|I learned ASL (American Sign Language) when I was in 4th grade. I befriended several deaf
students and wished to be able to better communicate with them. I committed to arriving at school an hour before
classes to learn ASL with the Special Education teacher. As a teenager, I taught myself more ASL through books.
With this knowledge I have made several friends, helped pay for my college tuition by translating classes to
deaf students, it has helped me to find employment, and I have been able to assist people with my ability (help
translate in stores, on buses, etc.).
I start using ASL when my children are about 3 to 6 months old. I sign words as I say them in normal
sentences. My children start using signs to 'talk' to me before they are a year old. I use ASL, a true language,
instead of making up baby signs, and they are now able to communicate with deaf people. It is a second language.
I start with my babies by signing simple words that they will be able to use to "talk" to me
easily. They first learn the following words and phrases:
- thank you
- I love you
- don't like
Children pick up signing easily and quickly. As they grow they learn more signs. Do not expect them to be
able to sign perfectly at any particular age. Continue signing the right way and they will sign that way when
they are able to. When learning to speak a language, babies say words similar to a word, and we know what he is
trying to say even if it is off a bit. When he has the ability to sign it correctly he will. Don't hold him back
by signing "baby talk".
By being able to communicate their needs, my children do not go through that frustrating time when they know
what they want to say, but are unable to say the words. And as they grow this knowledge helps me to give them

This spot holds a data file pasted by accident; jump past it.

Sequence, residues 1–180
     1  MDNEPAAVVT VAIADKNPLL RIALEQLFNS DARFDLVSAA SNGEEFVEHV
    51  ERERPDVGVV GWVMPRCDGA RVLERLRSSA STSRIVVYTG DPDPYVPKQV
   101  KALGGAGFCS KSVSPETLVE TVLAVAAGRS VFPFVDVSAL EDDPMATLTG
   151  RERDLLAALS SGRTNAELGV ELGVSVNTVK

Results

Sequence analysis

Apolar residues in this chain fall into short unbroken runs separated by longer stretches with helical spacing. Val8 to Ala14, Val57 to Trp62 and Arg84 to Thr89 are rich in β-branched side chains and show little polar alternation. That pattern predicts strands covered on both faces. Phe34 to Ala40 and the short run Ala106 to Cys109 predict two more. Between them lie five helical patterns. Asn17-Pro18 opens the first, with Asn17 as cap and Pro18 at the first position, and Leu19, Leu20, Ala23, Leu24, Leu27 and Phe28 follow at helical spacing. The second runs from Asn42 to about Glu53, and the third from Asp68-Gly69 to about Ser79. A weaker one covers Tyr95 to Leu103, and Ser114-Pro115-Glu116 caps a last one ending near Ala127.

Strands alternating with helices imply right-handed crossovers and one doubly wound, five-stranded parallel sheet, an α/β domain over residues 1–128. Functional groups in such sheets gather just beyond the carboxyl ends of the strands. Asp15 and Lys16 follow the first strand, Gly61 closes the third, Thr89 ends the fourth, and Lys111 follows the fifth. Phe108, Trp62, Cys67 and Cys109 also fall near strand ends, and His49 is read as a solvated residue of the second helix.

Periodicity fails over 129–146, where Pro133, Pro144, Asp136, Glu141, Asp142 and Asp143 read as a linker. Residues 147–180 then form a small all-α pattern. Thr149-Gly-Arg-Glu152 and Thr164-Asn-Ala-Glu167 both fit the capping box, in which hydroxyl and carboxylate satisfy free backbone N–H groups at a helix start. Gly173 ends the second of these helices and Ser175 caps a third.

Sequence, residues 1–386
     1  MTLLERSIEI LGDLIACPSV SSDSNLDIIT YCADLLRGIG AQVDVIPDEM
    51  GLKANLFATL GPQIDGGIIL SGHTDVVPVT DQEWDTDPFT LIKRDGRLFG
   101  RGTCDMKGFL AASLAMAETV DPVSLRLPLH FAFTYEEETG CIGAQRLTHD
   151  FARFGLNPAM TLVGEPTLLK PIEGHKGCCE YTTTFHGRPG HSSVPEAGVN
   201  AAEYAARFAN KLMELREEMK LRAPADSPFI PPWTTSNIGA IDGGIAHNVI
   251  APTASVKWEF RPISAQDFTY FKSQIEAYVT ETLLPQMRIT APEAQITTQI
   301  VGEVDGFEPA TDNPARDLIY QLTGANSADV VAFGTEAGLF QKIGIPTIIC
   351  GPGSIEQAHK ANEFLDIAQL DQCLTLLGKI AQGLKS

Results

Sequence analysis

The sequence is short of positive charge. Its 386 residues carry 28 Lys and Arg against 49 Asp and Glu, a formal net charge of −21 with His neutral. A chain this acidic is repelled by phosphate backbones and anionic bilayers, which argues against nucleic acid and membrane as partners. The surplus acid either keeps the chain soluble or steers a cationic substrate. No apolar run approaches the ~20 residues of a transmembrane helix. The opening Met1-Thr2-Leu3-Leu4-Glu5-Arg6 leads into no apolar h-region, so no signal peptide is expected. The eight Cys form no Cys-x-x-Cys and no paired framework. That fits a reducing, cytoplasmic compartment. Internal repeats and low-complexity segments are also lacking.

quiet reminders or messages in public. It is our private language. And ASL seems to have helped with their
dancing and acting abilities; my children are very expressive.
I started signing to my children when they were about 6 months old, and increased signing when they reached
12 months of age. I sign words as I speak them in normal everyday sentences, even when my children aren't really
watching me. They pick it up quickly and are thrilled when they sign something and I speak the words back to
them. I understood! It is exciting to see this unfold.
ASL is a jump-start to the language system. California researchers who have studied signing in hearing
children for more than a decade have found that infants and toddlers who learn a simple sign language for common
words learn to speak faster and do better on future intelligence tests than children who learn to speak the
usual way. Children who learn ASL as babies speak more and understand more by age 15 months old and that
difference remains in later years. By age 8, children who learn sign language have tested a year ahead of other
children. The data suggest that baby signing may spark other critical thinking skills. It's exciting to interact
with your child at such a young age!
Every parent teaches their baby to wave bye-bye. Why do we stop there?